‘Genie in a Bottle’ is a recurring feature where each week a different bottle episode (an episode set entirely in one location, often designed to save money) from a comedy series is examined
“The power’s out, Debbie.”
Adam Reed is a very talented comedy writer. He’s currently doing standout work on Archer, but before that, he was slowly refining his voice and building a style on cruder programs, like his first effort, Sealab 2021.The series was basically a re-appropriation of the outlandish series from the ‘70s with a crew stationed underwater.
The episode features the simplest of plots: the power has gone out and the fusebox must be found. This is the sort of thing that works perfectly in a ten-minute slot and almost can’t be done with a full 22-minute show. It’d be too much. It’d start to anger you, even, and this is the perfect in between.
“Fusebox” is absolutely an instance where the bottle episode was being used out of necessity and time crunch limitations. The conceit of this episode wasn’t some brilliant inspiration that Adam Reed and Matt Thompson had wanted to do for years, but merely a quick way to burn out an episode. The fact that it is an impressive achievement is a testament to their ability and evidence of how they could move on to something like Archer down the road.
Sealab 2021 was also the type of series – and Adult Swim, the network – known for “laziness and cheapness” in their infancy, with many of their shows anchored on the concept of re-using old footage from Hanna-Barbera cartoons. Series would have a set of images that they would always be using, and only re-animating new elements when needed.
Naturally a bottle episode makes perfect sense for any Adult Swim show, let alone one that takes place in a contained underwater lab. This episode takes laziness and cheapness to the extreme by literally having a static image of Sealab’s exterior for the runtime, with merely the fish and bubbles that occasionally flitter by in the sea being the only animation being done here, excluding the ending. Surprisingly, the episode’s commentary track manages to subvert this idea even further and becomes a master class in laziness itself (the only thing being said on the commentary is “fish”, “bubbles”, and “fish and bottles” as the limited images periodically appear).
All of this forces the episode to be about the voiceover work being done, and the characters, and it works perfectly precisely because you’re stuck in one shot and essentially rendered blind. Then to throw this all into a blender of chaos that keeps increasing its speed setting works to great effect. Because we’re only getting the voices of these characters too, rather than visuals, the episode is also smart to play with those voices. As soon as we get used to hearing our set group of voices, there’s tremendous power in a random voice that we’ve never heard before popping up in the middle of everything (especially when they may or may not be Wally Gator).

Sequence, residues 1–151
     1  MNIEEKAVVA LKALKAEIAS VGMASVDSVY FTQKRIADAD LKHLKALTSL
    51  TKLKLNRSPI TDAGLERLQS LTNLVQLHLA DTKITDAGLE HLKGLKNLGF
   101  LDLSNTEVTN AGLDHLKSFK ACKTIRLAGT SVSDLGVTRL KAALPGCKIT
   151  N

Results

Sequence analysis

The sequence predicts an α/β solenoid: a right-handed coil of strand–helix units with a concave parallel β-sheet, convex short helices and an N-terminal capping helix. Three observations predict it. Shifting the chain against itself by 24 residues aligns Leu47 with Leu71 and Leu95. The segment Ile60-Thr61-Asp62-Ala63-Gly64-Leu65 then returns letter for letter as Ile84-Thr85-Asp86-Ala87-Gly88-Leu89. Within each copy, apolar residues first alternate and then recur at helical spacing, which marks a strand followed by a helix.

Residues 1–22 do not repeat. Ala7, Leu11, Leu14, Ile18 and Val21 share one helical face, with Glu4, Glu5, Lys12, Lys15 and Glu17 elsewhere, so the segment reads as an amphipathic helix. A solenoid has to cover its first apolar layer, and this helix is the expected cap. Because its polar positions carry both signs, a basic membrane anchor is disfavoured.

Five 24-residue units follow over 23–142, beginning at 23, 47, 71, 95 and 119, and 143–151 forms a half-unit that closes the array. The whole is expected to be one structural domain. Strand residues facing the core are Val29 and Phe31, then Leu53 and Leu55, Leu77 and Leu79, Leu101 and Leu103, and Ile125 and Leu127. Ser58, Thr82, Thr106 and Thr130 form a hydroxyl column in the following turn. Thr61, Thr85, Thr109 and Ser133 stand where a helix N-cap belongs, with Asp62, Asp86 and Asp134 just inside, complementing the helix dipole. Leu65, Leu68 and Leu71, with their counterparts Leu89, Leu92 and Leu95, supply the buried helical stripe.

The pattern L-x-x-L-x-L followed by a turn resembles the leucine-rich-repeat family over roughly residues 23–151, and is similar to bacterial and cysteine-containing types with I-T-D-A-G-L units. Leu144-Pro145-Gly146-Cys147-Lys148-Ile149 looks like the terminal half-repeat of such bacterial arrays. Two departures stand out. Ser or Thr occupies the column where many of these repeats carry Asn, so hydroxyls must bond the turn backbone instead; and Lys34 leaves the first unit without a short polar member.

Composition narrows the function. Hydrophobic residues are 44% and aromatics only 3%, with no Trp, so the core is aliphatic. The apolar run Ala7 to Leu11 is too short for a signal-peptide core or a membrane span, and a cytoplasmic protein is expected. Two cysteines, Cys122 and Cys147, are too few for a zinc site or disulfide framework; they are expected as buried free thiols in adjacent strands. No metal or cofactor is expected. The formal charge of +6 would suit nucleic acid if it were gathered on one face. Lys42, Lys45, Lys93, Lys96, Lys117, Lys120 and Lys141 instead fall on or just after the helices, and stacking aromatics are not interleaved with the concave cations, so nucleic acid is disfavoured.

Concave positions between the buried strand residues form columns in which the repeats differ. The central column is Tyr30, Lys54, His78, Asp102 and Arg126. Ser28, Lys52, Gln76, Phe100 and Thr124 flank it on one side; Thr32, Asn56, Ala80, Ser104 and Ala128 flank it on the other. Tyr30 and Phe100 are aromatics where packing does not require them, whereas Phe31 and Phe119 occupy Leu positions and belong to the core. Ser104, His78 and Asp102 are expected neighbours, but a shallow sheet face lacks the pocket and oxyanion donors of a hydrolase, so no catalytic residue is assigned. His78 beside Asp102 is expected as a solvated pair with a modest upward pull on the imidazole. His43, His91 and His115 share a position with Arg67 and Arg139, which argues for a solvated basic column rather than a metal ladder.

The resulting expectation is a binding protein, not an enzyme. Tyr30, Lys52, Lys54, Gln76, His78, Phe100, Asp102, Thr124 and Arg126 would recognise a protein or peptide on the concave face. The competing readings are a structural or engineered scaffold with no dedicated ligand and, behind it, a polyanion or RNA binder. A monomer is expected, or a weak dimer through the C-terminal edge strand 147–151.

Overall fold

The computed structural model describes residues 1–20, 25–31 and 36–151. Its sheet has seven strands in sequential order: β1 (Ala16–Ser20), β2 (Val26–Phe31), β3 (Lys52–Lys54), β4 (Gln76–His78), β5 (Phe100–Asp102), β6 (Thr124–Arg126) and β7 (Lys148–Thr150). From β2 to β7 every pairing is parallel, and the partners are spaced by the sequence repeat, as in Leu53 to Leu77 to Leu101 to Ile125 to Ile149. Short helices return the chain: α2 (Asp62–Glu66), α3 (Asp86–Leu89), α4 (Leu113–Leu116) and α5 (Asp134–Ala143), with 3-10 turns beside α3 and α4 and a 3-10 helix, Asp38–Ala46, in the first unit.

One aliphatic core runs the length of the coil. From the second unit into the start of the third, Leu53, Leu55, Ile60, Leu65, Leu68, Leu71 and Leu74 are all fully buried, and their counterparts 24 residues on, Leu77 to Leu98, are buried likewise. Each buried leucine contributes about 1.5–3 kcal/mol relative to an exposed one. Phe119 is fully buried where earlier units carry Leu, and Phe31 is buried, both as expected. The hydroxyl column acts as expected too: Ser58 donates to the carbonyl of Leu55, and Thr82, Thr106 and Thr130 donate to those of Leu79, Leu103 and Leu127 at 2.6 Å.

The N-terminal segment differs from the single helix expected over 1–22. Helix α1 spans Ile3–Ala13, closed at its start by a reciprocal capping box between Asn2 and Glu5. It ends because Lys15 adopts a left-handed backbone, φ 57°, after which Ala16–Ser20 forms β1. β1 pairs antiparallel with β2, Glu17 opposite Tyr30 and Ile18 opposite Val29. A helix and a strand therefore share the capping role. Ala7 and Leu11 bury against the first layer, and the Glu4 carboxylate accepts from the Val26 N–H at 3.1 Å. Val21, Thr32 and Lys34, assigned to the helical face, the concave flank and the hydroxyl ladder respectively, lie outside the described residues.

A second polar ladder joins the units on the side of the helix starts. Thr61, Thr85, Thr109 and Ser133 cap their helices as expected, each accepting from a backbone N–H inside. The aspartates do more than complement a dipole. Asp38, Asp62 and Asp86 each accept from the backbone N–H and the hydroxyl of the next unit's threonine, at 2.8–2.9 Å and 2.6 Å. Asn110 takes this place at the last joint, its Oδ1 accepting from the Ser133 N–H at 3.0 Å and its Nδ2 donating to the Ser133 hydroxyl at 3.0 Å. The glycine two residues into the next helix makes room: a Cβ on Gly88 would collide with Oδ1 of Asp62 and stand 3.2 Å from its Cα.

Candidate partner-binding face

The beginning of the episode is kind of incredible as we just hear the clueless Captain Murphy shouting out questions and getting no response. As he continues, we assume the joke is that no one is there, until finally he gets interrupted. There are so many pieces like this in the episode that shatter your expectations purely because you can’t see what’s happening. It’s hard to tell if moments are conversations or monologues, and losing such a vital sense here and being a blind fly on the wall lets the episode buzz about with a freewheeling wonder. The pregnant pauses and huge moments of silence that fill up the episode are beautifully used (seriously, they generate some of the biggest laughs here, of which there are many) and are so present that they almost feel like a character themselves here (let alone making the inspired joke of having a moment of silence after someone dies, when the episode is already so full of them already).
Repeating phrases and callbacks, which were such a staple of Frisky Dingo and Archer are so rampant here, with the cramped ten minutes becoming impressively cyclical and a large amount of in-jokes getting built (“What?”, “I’m blind!”). Granted, at times it feels like Reed and Thompson might have just been randomly mashing out phrases on their keyboard that amused them, but the performances here, most notably Harry Goz’s always-enthusiastic work as Murphy, and Brett Butler as the beleaguered Quinn who is just trying to fix the fusebox and get everything back to normal. Here’s an example of some of what is being worked with here:
“Well?….Hey?….I said, ‘Well?’…What?….Did you say something?….Hey, can you hear me?….Hey, can you hear m—“
Then suddenly when the respective sectors of Sealab begin exploding, one by one, there’s an even more ridiculous energy surging through it all.
“Fusebox” is hardly the deepest bottle episode on the list, but it’s a great example of scrambling with an idea when you don’t have a lot to play with, and somehow turning that into something amazing. It’s a thin line between “laziness” in shows being really clever or just, well—lazy, and “Fusebox” handles it well. It gets a lot done in ten minutes and shows you the power of a cast and character bouncing off of each other.
And even if “there can only be none!” I still think this one’s worth checking out.